The cuisine of Cavite City is undeniably rich. With a cosmopolitan history that stretches back to the Spanish Galleon trade, thus it is not surprising that its cuisines has been influenced by Hispanic-Mexican-Chino influences, after all the Galleon trade passes through Acapulco, Mexico from Spain all the way to the Orient and would reach its final destination at Cavite Puerto’s Barradero (wharf and dry dock).
So you could just imagine, all the good stuff coming from Europe, and the New World would reach its final destination in the Orient via Cavite Puerto. With almost every luxury food and ingredient within their reach, no wonder Chabacanos’ taste buds have been accustomed to more finer and sophisticated things.
A strong blend of Mexican-Spanish inspiration in taste can be very well experienced through the various dishes that use the color and essence of annatto seeds or popularly known as “atsuete”. This is the basic and distinct characteristic of Caviteno cooking, you can see “atsuete” in almost every dishes from your favorite adobo, to pansit, to fresh lumpia, to sotanghon soup and in any viand that would require sauce in it.
These can be seen reflected in different dishes known to many Chabacanos, whose main characteristics are: its flavors should be bursting in your mouth as you savor it and it should always have a “flavorful sauce” in almost every dish. I don’t know any true-blooded Caviteno that would eat any dry dish and that has no accompanying dish thar goes with it, Cavitenos love pairing food, like Guinisang Monggo is best with fried fish and are enjoyed best on Fridays.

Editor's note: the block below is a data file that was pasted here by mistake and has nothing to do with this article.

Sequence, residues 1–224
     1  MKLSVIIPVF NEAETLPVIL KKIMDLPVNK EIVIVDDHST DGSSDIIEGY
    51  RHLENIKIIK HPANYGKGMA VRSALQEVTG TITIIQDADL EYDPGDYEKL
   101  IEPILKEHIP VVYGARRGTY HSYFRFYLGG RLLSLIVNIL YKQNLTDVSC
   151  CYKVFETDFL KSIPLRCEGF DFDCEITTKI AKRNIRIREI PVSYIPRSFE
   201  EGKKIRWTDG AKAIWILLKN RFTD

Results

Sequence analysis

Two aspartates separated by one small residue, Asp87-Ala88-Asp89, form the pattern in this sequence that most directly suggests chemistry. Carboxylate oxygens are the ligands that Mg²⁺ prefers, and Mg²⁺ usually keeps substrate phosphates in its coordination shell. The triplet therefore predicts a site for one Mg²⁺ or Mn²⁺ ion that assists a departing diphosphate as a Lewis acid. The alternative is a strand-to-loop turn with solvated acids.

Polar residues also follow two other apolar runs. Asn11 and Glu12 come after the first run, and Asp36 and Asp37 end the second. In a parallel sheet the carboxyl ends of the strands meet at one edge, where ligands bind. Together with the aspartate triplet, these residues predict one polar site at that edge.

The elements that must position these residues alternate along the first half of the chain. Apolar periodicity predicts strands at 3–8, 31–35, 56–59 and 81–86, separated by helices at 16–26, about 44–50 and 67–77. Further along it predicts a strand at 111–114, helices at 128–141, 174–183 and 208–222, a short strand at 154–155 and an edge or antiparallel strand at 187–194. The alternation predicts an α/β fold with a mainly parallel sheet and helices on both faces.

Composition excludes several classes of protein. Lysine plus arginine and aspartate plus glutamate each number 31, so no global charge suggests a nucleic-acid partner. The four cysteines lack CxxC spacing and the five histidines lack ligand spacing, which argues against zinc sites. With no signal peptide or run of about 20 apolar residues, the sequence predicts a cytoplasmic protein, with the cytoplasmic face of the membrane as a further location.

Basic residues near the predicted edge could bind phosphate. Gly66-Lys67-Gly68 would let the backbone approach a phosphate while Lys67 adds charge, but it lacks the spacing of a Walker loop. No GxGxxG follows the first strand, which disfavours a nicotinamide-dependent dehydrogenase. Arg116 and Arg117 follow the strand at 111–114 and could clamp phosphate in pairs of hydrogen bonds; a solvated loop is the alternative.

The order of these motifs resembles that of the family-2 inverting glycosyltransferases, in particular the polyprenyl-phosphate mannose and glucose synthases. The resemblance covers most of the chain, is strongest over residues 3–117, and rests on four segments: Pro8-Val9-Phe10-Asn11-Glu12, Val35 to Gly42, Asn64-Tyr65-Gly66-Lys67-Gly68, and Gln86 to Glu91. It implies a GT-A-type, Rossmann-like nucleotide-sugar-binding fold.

Some of the traditional Caviteno dishes that truly reflects those “bursting-flavor_ characteristics are Bacalao (a popular Lenten season dish made of dried atlantic cod or gindarra, which is very expensive and tons of olive oil), Chicken Pipian, chicken in spicy peanut sauce , which has a very strong Mexican influence, Pescado Blanco ( fish in white sauce with olive oil) and Calandracas (soup similar to minestrone sans the tomato sauce), Adobo de Carajay, a “sankutiado” dish of pork , liver and chicken cooked in wok, flavored with vinegar, atusuete for color and taste, bay leaf and potatoes, more of a cross between adobo and afritada but richer)
And when it comes to Comida-China , there are only two sources of good Chinese food in Cavite City - Chefoo and Asiong’s Panciteria. Both restaurants are icons already of traditional Cavite cuisines, the former especializes in Comida-China, which is not surprising after all, Cavite used to have the Sangley culture or Chinese traders as well aside from the Spanish, hence Sangley Point Naval base. While the latter offers Chabacano dishes that are truly representative of Caviteno cooking in terms of taste and flavor.
Talking about Chinese influences, when it comes to noodles there are three savory and delicious dishes that are very Cavite originals: you have the Pansit en su Tinta, bihon or rice noodles in squid ink (this is our take of the Spaghetti Di Nero), Pansate, a saucy stir fry egg noodle in sate sauce- medium hot best served as midnight snack and eaten with hot pandesal, and the afternoon delight, Pansit de Carajay with Puso ng Saging as its sour sauce. These three noodle dishes are so easy to cook and prepare. All you need is follow the recipes below and cook with love and passion. Hmm … que sabroso! Comi-comi!!